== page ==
Marmara, a charming village of only 600 inhabitants, is 14 kilometers from Parikia and forms an isosceles triangle with Marpissa and Prodromos on the map, approximately ten minutes away from each other. It forms the seat of the Archilochos Municipal District, which also comprises Prodromos and the beach settlement of Molos. The village takes its name from the large number of marbles found scattered around it. The plain of Marmara is full of small dovecotes, windmills, an abundance of fresh water and is a rich agricultural and livestock producer. An important discovery of ancient ceramics was made on the nearby mountain of Antecephalon. It is said that the ancient city of Yria is also here located, buried somewhere in the same area. Moreover, the white-washed church of Taxiarchis of the 17th century and the Assumption of the Virgin distinguish Marmara, with three different bell towers. Just outside is Pera Panagia, a two-aisled church and three arches connecting the two aisles, standing on ancient columns. The one nave is dedicated to the birth of the Virgin Mary and the second to Saint Nicholas. It is worth a stop here and a wander, so that you can admire the old houses and temples, as well as try a meal in the small café in the village square.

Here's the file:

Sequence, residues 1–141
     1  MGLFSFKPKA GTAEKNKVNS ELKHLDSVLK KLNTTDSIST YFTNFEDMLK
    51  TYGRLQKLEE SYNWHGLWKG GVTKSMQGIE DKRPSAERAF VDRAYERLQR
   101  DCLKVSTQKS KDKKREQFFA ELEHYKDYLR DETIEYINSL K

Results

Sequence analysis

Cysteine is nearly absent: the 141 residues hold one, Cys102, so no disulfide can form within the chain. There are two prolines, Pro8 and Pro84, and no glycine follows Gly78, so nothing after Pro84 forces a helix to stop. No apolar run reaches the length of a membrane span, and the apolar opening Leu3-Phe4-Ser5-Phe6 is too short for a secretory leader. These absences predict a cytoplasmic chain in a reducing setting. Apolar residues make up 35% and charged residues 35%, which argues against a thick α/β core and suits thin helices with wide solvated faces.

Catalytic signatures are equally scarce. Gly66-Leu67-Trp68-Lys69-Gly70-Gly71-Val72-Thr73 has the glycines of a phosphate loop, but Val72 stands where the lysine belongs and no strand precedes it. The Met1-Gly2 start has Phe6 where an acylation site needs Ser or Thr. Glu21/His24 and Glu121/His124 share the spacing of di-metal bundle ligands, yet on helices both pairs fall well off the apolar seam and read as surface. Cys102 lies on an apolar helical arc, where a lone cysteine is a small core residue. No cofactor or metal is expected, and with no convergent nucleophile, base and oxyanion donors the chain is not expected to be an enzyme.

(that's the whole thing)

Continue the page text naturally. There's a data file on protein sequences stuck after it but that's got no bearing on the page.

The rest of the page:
The white Church of Taxiarchis of the 17th century and the Assumption of the Virgin are worth special mention in Marmara, which feature the three different design of bell towers. Also, just outside of Marmara is Pera Panagia, a two-aisled church and three arches connecting the two aisles and standing on ancient columns. The one aisle is dedicated to the birth of the Virgin Mary and the second to Saint Nicholas.
The villages of Marpissa, Aspro Chorio, Lefkes and Marmara stage depictions of the Passions of Christ at Easter. Both men and women take part in costume and later stand still in respect as the procession of the Epitaph passes through the assembled crowds.